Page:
Another question on creme brulee

Discussion in 'Pastries & Baking' started by kokopuffs, Mar 21, 2016.

  1. kokopuffs

    kokopuffs

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    In making the brulee, the "caramel" surface of the creme, I've used a small torch which is a bit of a pita.  I just recently read that the creme with the surface sugared with granulated sugar can be place under a broiler though placed near the bottom of the oven to achieve the brownish glassy surface coating.  Comments appreciated.
     
  2. brianshaw

    brianshaw

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    Broiler works good but takes too long (for me). My broiler isn't as even as I'd like, plus I want to carmalize as fast as possible to avoid heating the custard. Try a bigger torch, like from a hardwarde or plumbing shop.
     
  3. kokopuffs

    kokopuffs

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    This Matfer torch seems too under powered and needs frequent refilling.  Recommendations would be appreciated.
     
    Last edited: Mar 21, 2016
  4. brianshaw

    brianshaw

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    Bernzomatic is a well-respected brand name to look for. Propane, not MAP gas. The basic unit requires lighting with a match, striker or stove hob. For more money you can get one that self ignites when a trigger is pulled. I think this is about. $25 investment, but I haven't priced them recently so I may be incorrect. Also useful for charring peppers, merrangues, and marshmallows... And burning stray hairs of hog carcasses.
     
  5. millionsknives

    millionsknives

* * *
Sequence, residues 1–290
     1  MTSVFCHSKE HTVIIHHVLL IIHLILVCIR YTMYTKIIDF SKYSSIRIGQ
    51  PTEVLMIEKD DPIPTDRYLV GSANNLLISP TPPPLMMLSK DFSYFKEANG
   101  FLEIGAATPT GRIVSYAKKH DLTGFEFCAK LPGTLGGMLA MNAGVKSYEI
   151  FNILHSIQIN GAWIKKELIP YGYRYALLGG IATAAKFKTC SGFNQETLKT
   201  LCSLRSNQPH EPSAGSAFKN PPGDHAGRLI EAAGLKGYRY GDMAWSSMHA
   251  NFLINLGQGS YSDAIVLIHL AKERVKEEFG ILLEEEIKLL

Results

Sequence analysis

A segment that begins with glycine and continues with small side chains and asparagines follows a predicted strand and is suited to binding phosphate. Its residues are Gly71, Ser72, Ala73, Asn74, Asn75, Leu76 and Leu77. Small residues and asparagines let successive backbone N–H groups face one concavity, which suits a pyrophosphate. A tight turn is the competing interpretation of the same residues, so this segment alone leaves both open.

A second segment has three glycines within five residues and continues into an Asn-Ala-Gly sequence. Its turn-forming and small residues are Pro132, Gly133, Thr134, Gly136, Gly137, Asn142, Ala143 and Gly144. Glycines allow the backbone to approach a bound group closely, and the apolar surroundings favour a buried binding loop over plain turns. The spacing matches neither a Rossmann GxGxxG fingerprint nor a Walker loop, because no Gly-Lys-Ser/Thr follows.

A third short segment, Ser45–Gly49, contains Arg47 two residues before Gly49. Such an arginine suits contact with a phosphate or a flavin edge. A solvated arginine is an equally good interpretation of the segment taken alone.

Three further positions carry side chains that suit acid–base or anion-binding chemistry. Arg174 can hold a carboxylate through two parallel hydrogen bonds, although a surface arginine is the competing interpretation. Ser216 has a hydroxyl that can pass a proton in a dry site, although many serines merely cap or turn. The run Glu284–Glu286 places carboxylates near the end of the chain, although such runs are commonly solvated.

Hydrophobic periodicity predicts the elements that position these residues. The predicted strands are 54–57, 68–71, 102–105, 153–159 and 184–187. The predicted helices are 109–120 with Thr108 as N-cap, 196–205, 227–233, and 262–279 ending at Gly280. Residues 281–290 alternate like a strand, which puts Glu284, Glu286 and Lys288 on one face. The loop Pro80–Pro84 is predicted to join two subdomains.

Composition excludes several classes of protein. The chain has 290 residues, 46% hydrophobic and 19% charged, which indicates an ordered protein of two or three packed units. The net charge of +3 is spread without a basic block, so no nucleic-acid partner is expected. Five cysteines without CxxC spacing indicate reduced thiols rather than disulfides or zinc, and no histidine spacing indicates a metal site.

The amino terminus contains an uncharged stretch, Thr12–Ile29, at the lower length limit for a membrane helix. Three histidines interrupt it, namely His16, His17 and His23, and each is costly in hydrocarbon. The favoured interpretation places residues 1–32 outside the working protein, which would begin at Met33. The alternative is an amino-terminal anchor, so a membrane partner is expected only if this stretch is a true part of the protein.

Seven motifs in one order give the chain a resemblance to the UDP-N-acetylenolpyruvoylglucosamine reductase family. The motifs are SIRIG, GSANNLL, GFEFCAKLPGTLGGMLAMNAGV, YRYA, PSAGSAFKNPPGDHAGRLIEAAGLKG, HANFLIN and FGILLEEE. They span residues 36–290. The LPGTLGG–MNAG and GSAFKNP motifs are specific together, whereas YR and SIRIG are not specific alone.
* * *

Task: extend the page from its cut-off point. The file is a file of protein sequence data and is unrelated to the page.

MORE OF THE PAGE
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    $39 it has been since I bought mine a few years ago



    Go to the hardware store and get the skinny 1 lb propane tanks they use for plumbing, not the shorter fatter 1 lb tanks they have for campng (harder to hold).  MAPP is not food safe and it costs more.  Stick to propane.  $3-4 tank lasts me over a year

    Also good for starting charcoal fires and plumbing.  If bruleeing  you need to be patient and keep some more distance than with a toy torch.

    Experiment with different sugars.  I find brown sugar catches on fire because o fthe mollasses, white sugar is too light and the torch actually pushes it around.  Sugar in the raw has worked well for me.

    If you want even more toys, look at the searzall 
     
  6. brianshaw

    brianshaw

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  7. kokopuffs

    kokopuffs

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    OOooookay.  One mentions:
    • TS8000 high intensity
    • UL100 minimalist
    • (and what about the TS7000)
    I can read specs but will the performance differ greatly between those  three heads using propane for caramelization???
     
    Last edited: Mar 21, 2016
  8. brianshaw

    brianshaw

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    Propane torch Performance, with that type of equipment, really isn't an issue when burning sugar. It is when soldering copper plumbing though! I can't speak first hand, though, for the high performance torch. I use the economy model for both sugar and plumbing, but sometimes need to borrow MAPP for plumbing.
     
    Last edited: Mar 21, 2016
  9. millionsknives

    millionsknives

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    What you're paying for on teh more expensive ones is the trigger start.  No matches or anything required.  You can do it with one hand.
     
  10. kokopuffs

    kokopuffs

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    Then I'll gravitate toward the TS8000 for more versatility.
     
  11. brianshaw

    brianshaw

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    The trigger start is a real convenience.